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Sovereignty is often defined as the supreme power or authority over itself. In the book, “Their Eyes Were Watching God” by Zora Hurston, One important theme throughout the book that is visible is Janie’s search for her identity. Throughout the novel Janie’s search has to do with her search for a name, and also freedom and finding herself. She come across different relationships based on control, independence, imprisonment etc. In the beginning of the book, the author portrays Janie as being held back and controlled by her grandmother, and by her first husband, Logan.
Further in the novel Janie is also disabled by her husband Jody Starks. But her free-spirit stirs, and she breaks free. Logan is considered to be disabling Janie by Nanny’s outlook because she guides Janie into marrying him. Further Jody is also considered to be controlling and disabling Janie by taking her freedom as a woman making, by not accepting her for the woman she is, and trying to shape her into the image of the woman he wants.
Although the novel is revolved around Janie’s relationships with other characters, Jody and Nanny have two different views on what freedom is for Janie. It is a journey for Janie’s as she searches for her identity, and spiritual enlightenment.
In the opening chapter of the novel, Janie marries Logan Killicks, who is her first husband. Nanny feels freedom jor Janie is in Logan. This goal seems to be the most important thing for Nanny, and in her quest to get Janie married to a suitable man.
Nanny’s perception of freedom is someone who has middle-class values and financial stability, such as Logan. Nanny tried to control Jaine’s sense of value, which is why Nanny wants Janie to marry a man with financial stability. Logan begins to pamper Janie for a while, before he tries to take the action of using her for his fieldwork. ‘He’s kissin’ yo foot and ’tain’t in uh man tuh kiss foot long , Mouf kissin’ is on uh equal and dat’s natural but when dey got to bow down to love, dey soon straightens up’ (Hurston 23). The kissing of Janie’s foot portrays the care Logan has for her in the beginning of their relationship. Nanny tries to warn Janie that the affection he is giving off will not last forever. Logan seem to have the idea that women are just objects for men to put to use. Initially their relationship was based off mutual respect, but as time passed Logan became more controlling. Logan continues to try to control Janie by making decisions in there relationship. After a while Janie begins to realize that not all marriages produced love. So therefore she starts to find herself by realizing she doesn’t really love Kilicks and plans to leave him for someone she really loves. Janie realizes that Nanny’s goals and freedom were in direct conflict with her own desires. Janie discovers that “Nanny belonged to that other kind that loved to deal in scraps” (Hurston 89).
Jody Starks is Janie’s second husband, whom she left Logan for. Jody mixes perception of manhood and freedom with his right to power, wealth, and authority. Joe, just like Logan, see women as objects to be ordered around by men. Janie soon realizes that Jody only values her as a “possession” and not the human being she is. From Jody’s viewpoint women have no voice and intelligence and should be entitled to none. ‘Somebody got to think for women and chillun and chickens and cows, I god, they sho don’t think none theirselves’ (Hurston 67). As time goes by, Jody ages and becomes sick and is laying on his deathbed. This is where Janie begins to find her “voice” as she lays out all the things Jody has done while he is on his deathbed. whom took her individuality.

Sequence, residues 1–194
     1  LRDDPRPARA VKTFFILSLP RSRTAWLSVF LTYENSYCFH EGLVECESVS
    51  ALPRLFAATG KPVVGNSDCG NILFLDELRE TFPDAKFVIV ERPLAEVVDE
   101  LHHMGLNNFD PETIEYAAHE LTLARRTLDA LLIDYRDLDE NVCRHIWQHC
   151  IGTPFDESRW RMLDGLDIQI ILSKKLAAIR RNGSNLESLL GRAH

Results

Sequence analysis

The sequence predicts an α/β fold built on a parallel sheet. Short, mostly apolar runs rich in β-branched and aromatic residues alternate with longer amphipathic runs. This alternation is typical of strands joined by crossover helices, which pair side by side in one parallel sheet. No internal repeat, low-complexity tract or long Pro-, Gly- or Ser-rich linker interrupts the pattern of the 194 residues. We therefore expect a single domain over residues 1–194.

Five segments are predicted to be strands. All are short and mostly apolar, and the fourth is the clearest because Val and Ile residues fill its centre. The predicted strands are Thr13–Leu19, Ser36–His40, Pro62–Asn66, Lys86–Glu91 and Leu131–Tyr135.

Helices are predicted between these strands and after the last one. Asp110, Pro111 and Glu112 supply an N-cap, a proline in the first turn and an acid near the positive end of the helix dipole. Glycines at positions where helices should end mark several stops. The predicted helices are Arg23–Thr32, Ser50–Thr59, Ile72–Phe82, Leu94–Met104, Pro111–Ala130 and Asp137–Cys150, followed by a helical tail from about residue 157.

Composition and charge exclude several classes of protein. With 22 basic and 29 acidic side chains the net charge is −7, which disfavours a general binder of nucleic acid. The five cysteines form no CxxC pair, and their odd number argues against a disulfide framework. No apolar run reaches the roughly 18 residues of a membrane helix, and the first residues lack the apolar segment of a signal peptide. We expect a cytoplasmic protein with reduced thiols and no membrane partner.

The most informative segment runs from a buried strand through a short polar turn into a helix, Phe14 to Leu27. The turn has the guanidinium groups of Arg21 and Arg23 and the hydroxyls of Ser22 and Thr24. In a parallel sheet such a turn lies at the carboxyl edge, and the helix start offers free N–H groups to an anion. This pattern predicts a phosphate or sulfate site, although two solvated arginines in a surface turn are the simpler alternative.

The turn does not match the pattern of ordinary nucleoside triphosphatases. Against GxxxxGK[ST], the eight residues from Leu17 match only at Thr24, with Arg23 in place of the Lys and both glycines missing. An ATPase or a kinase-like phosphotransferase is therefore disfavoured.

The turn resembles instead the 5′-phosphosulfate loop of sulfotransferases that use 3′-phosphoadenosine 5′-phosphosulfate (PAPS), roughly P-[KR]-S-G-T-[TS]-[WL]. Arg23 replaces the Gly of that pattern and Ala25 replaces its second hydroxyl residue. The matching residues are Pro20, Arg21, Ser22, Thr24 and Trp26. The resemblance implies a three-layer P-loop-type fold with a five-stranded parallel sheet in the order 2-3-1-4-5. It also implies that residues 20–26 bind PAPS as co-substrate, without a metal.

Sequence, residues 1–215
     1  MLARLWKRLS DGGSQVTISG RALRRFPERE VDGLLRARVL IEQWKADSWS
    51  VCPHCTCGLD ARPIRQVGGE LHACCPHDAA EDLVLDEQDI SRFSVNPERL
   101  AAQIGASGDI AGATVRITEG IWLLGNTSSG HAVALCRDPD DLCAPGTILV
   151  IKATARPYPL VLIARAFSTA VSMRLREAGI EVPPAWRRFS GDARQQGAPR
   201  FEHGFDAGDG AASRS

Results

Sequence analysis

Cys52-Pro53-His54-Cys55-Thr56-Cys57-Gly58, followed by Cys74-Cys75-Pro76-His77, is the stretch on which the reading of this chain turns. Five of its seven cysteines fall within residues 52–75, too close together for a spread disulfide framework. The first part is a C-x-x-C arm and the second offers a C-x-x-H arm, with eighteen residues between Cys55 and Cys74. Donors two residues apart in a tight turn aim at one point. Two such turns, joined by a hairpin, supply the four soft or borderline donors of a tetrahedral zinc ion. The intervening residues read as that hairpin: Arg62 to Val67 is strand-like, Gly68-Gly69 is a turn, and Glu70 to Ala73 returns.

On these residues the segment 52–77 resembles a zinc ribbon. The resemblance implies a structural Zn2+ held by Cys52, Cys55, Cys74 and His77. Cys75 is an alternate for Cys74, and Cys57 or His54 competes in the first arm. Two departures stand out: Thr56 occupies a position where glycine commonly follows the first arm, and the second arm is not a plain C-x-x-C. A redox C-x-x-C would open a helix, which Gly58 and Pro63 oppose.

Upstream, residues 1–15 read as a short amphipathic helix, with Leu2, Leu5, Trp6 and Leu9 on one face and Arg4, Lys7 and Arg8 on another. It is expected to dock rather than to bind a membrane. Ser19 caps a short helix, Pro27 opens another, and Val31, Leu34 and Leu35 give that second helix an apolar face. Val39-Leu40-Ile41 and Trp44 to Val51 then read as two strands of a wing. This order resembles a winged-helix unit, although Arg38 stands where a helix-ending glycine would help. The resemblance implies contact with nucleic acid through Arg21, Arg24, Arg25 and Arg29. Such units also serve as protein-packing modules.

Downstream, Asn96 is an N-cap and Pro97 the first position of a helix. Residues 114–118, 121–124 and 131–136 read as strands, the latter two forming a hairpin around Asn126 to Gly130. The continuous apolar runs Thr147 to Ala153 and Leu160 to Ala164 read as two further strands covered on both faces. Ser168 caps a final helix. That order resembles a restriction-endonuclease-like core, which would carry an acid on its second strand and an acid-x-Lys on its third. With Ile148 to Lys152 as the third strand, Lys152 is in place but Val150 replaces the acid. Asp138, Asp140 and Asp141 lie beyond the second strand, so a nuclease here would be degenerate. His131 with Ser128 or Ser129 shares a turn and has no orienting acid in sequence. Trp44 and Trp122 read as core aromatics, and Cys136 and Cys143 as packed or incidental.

After attending Joe’s funeral, “she burnt up every one of her head rags and went about the house next morning with her hair in one thick braid swinging well below her waist”(Hurston 89). She knew that Jody was jealous of her looks and to hide it he makes her cover her hair. To uncover all of the life that had been resting and hiding all this time, Janie then lets her hair down and says that “mourning oughtn’t tuh last no longer n’grief” (113). This means that Janie is no longer offended with the opinions of the townspeople in regard to her behavior as a mayor’s wife, and she intends to live her life without the pressure of society’s judgment against her.
Janie actually gains strength from Jody’s death. She feels that she is now strong enough to manage her own life, and she also feels that she is now strong enough to manage the store as well. Jaine also see freedom by now being able to have friendships and socialize with the townspeople. Jaine wasn’t allowed to hold conversation or even have a friendship with the townspeople according to Jody’s image of the “Mayor’s wife”. Jody’s death has given Janie the freedom she has desired for so long.
Throughout the story, Janie is looking for a sense of identity. Like Jody, Nanny tries to control Janie’s freedom, voice, and dreams. Whether she runs away and leaves her first husband Logan, or chooses to love Jody a man with no wealth or power, she is taking charge of her own destiny. Also, Hurston portrays that Jaine does not find pure happiness and freedom from all things in her past life until she does not have a husband, at all. It was a journey for Janie to find herself, her voice and her freedom. As Janie finds her freedom she portrays an image of empowered feminism, which means “the ability for women to enjoy their right to control and benefit from resources, assets, income and their own time, as well as the ability to manage risk and improve their economic status and well being”. It took for Jaine to be alone and able to control herself to find her freedom.
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